Will I Outgrow Lactose Intolerance?

Lactose Free Real Milk


Guest Post from Julie Eckert

Lactose intolerance – I let out an internal groan every time I have to mention this at restaurants or at a friend’s house. It’s a phrase that doesn’t paint a pretty picture, but it has been my reality since I turned 21.

After 21 years of drinking milk, eating yogurt and ice cream, I was devastated to have to give up my morning cheerios.  It came on fairly suddenly, I ate a bowl of cereal and my stomach started cramping etc. etc.  Then I noticed the same thing was happening with yogurt, ice cream, and some cheeses.

After the discovery, someone told me that food allergies go through 7-year cycles, so at age 28, I anxiously and excitedly rushed out to buy milk hoping that I had outgrown the issue. I later learned that an intolerance is different than an allergy. (For more about this, click here). In a nut shell – as I have gotten older, my body has decreased the amount of lactase it produces – the enzyme that naturally digests lactose (milk sugar). Lactose sits undigested in my stomach and causes discomfort (among other things).  Turns out, I am not likely to outgrow it.

lactose levels in dairy foods


Because my stomach is fairly sensitive I was always wary of trying new things, especially when not at home.  To this day I still love and miss milk but for some reason I hesitated to regularly use other ‘milk products’.  Soymilk, rice milk, almond milk all seemed overly processed and the word milk felt out of place as there wasn’t in fact milk in the products.  Rather than use those, I opted to drink my coffee black, eat cereal dry and simply skip ice cream.  In my reluctance to try new things, I lumped lactose free milk into the same category as all the other ‘milk products and just went without. What a mistake!

About a month ago, at the encouragement of my sister, who is a dietitian and dairy guru (she works with dairy farmers), I finally tried lactose free milk.  It turns out…it’s just milk – real milk with a bit of lactase enzyme added so the lactose is digested before it hits my stomach.  After my first bowl of cereal with milk in over a decade I waited and waited for the cramps (and what happens next) to come but they never did.  Success!  Lactose Free Milk tastes the same, looks the same, and has the same ingredients as regular milk. I cannot believe I didn’t try this sooner; I’ve been missing out on regular milk this whole time.

LI Tips - What you need to know

What can I eat?

So… after some trail and error, lots of reading, and the availability of new products on the shelves, here’s where I stand:

I can’t just sit down and drink a glass of milk BUT, I can drink lactose-free milk, and I just bought Fair Life, a new milk product that is lactose free, lower in sugar and higher in protein than traditional milk. I love it! My husband, who is not lactose intolerant, loves that it has more protein and guzzles a glass after a workout.  It is now the only milk I buy – it’s more expensive but the ingredients and lack of lactose are worth every penny.  I could go on and on…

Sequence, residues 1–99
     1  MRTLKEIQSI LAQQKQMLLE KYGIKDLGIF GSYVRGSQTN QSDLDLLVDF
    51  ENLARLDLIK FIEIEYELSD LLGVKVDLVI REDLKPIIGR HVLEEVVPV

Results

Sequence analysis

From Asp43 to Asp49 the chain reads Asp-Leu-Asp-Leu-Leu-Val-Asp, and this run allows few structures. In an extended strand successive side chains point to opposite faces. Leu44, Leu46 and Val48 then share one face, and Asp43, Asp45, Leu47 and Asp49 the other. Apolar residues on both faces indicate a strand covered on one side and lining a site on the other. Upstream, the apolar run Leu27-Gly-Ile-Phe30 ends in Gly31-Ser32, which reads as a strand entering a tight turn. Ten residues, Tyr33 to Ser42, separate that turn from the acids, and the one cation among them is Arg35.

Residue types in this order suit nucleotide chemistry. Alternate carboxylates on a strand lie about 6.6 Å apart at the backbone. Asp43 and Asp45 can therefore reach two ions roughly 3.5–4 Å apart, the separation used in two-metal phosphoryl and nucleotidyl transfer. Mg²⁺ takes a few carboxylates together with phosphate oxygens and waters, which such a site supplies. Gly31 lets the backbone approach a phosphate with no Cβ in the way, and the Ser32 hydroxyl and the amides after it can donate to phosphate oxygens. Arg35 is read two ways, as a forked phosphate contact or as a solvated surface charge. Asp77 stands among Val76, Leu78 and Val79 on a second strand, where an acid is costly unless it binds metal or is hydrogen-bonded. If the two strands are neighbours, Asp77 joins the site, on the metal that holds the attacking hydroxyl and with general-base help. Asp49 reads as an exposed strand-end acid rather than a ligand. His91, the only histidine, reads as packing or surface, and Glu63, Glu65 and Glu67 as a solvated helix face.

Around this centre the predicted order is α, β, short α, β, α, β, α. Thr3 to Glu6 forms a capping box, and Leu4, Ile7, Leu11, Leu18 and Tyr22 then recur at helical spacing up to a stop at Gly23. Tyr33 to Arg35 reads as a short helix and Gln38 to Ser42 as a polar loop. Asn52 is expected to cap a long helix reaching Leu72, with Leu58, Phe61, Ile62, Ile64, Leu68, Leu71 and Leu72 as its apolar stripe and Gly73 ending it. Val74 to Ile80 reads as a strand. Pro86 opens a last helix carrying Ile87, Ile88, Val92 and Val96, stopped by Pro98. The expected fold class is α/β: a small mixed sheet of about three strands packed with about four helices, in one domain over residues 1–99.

I can eat my mom’s amazing home made Mac and Cheese IF I take a Lactaid pill (basically a pill that delivers the lactase enzyme to my body) and my mom uses cheese naturally low in lactose like sharp cheddar and aged Swiss. (some cheddars are actually lactose free)

Even though I should be able to eat yogurt – yogurt is naturally low in lactose since its’ benefical bacteria digest lactose – my body still has some issues.

Pizza, especially pizza topped with fresh Mozzarella cheese is tough for me, but a Lactaid pill absolutely helps here too.

Living lactose-free has been a lifestyle change, but I’ve learned that it is by no means the end of dairy consumption.  Next on the list of things to try – lactose free yogurt & Ice cream!


How much do you know about Lactose Intolerance? Take the quiz to find out.

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    Reblogged this on AndersonDairyLV and commented:
    Awesome post!!

    February 18, 2015 at 3:58 pm
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    Going lactose-free can be hard, for sure. Trial and error is, sometimes unfortunately, the best way to find out the limits of what you can have and can’t have. But, it’s worth it in the long run as you can become more confident in what you eat.

    For awhile I thought I could acclimate myself to milk slowly and regain my tolerance, but that turned out false. I am horribly lactose intolerant and will be for the rest of my life. Oddly enough, we’re not the weird ones as a majority of the population is lactose intolerant (mainly coming from the Asian population than European).

    February 19, 2015 at 9:07 pm

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